Acast founder Johan Billgren on podcasting success // Part I: 5 steps to getting started

Acast founder Johan Billgren on podcasting success // Part I: 5 steps to getting started

Johan Billgren founded Acast in 2014, and has been a vital part of the company’s growth and achievements ever since. If there’s one person who knows about podcasting success, it’s Johan — so we asked him for his advice for creators who are just getting started.

Written by By Johan BillgrenCo-founder2021.05.05

I think the single most important thing a creator can do before starting a podcast is to define their ‘why’. What’s the purpose of your podcast?

Whether you want to educate and inform about a specific topic, tell your story, chat with a friend, or hear from others through an interview format, for example, there are endless possibilities in podcasting. Those possibilities include the opportunity to earn money, but it takes a lot of time and passion to reach that point — so making sure you find your ‘why’ before you embark on your podcasting journey is vital.

Once you have that, I think there are five crucial next steps to getting your podcast up and running.

1. Planning

Preparation and planning are ingredients for success. It’s important that you spend time structuring your content to make it as enjoyable for the listener as possible. Think about creating attractive, standout cover art, or perhaps sourcing music to accompany your show. Consider the length and format of episodes. Will you have an introduction? What will encourage listeners to keep listening? The more planning and preparation you can do, the better — just don’t forget to enjoy yourself.

2. Recording and editing

Think about where you’ll record. You need somewhere the sound doesn’t bounce around the room — most people starting out don’t have access to a professional studio, but why not test out your closet? Try to find the most soundproof, compact space to record in. Large areas with few furnishings are going to create a lot of unwanted echo, so think about smaller spaces with more “stuff” around, to help create a form of cushioning for your sound.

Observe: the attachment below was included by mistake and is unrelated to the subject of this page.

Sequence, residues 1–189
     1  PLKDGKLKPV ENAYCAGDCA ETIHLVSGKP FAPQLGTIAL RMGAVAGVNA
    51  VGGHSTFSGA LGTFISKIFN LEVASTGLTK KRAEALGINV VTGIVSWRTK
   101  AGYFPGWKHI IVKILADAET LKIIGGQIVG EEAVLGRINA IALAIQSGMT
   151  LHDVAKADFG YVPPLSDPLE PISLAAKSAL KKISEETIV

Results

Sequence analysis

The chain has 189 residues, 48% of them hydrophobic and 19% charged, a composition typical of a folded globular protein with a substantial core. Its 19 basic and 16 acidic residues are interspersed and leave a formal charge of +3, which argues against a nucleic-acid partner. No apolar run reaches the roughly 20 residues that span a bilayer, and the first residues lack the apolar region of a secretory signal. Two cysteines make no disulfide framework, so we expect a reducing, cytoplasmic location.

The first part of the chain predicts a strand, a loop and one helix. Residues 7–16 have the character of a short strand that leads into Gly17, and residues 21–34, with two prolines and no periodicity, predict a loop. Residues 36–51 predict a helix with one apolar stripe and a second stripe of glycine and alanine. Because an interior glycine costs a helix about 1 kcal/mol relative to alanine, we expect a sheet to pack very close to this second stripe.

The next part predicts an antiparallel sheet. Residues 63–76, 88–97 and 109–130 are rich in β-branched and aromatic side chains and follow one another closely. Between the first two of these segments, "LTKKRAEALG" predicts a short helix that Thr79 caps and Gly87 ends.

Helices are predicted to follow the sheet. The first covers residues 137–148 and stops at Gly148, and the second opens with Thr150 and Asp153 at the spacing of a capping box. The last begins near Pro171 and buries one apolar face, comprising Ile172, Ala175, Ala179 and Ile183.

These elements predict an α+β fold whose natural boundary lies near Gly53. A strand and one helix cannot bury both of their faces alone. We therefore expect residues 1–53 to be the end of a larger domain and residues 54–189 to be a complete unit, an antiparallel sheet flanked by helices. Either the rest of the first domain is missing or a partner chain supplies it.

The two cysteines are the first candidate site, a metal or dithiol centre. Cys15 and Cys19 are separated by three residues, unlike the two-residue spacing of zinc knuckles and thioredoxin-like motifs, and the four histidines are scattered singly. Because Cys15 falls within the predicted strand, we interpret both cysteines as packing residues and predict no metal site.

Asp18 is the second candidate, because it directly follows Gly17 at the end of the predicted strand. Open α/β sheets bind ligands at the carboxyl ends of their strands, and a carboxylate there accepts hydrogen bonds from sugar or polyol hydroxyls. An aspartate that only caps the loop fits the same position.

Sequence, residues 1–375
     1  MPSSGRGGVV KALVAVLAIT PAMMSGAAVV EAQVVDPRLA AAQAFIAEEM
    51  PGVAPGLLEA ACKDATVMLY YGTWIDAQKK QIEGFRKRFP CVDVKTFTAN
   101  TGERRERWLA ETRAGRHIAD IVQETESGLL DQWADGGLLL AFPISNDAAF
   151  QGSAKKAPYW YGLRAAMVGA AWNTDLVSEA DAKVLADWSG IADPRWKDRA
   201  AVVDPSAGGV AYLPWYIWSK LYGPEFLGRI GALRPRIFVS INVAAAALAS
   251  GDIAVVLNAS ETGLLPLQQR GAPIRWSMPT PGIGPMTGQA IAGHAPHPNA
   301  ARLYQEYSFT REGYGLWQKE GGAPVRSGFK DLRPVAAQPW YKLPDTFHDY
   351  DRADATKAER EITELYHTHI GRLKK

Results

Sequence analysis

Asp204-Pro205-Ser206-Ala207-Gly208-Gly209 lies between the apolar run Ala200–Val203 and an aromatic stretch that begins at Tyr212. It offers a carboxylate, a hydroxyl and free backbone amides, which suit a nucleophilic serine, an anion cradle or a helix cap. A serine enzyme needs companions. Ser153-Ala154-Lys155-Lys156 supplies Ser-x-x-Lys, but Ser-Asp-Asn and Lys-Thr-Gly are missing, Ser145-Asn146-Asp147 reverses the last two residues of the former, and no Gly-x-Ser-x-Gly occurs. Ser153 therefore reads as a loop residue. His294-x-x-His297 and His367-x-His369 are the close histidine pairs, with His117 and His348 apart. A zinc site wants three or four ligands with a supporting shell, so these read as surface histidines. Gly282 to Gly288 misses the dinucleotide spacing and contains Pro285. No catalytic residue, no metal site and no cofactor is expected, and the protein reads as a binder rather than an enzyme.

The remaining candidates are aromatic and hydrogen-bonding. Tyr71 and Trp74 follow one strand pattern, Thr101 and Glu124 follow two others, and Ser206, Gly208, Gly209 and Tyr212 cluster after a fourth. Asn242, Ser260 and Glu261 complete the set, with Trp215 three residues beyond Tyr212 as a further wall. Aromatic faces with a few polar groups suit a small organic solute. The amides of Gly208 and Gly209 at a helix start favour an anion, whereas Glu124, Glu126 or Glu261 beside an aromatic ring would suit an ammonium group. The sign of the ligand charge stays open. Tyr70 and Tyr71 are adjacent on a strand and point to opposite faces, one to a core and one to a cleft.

Today, there are several great recording and editing programs that you can use for free. If you have a Mac, you can use Garageband, and if you have a PC, Audacity works well. Invest in a microphone with as crisp a sound as possible. You can pick up quality, affordable microphones relatively easily these days.

3. Choose a hosting platform

Now, of course, I’m going to tell you the answer is Acast, but the next step is to research where to host your show. All podcasts need to be hosted somewhere, so they can be distributed to podcast players for people to find and listen to. If you want your show to reach far and wide, you should work with a podcast platform that enables that.

At Acast, we believe all podcasts should be available wherever anyone can listen, which means that all podcasts hosted by Acast are available in all the world’s podcast players — including Apple Podcasts, Google Podcasts, Spotify, and many more.

Take a look at Acast’s hosting options, it’s completely free to get started.

4. Launching successfully

Now it’s time for your big launch. Take the opportunity to release two or three episodes during your first week, so you can give the listener more of an opportunity to absorb the breadth and depth of what your podcast has to offer. Continuity is also important to keep in mind, and a big part of podcasting is making listening to your show a habit for listeners — always publish episodes on the same day, and at the same time, each week.

5. Marketing your podcast

Social media is an effective tool for sharing your podcast with a bigger audience of potential listeners — which you can do, for example, by creating a dedicated Instagram account or a Facebook page for your show. Throughout the pandemic, the importance of building a community around a podcast has become increasingly important. Interact with your listeners, let them be a part of the content, ask them to subscribe to the podcast and give ratings on different platforms. Ask potential guests to spread the word about the podcast on their own channels, and feel free to prepare some pre-written material for them to share.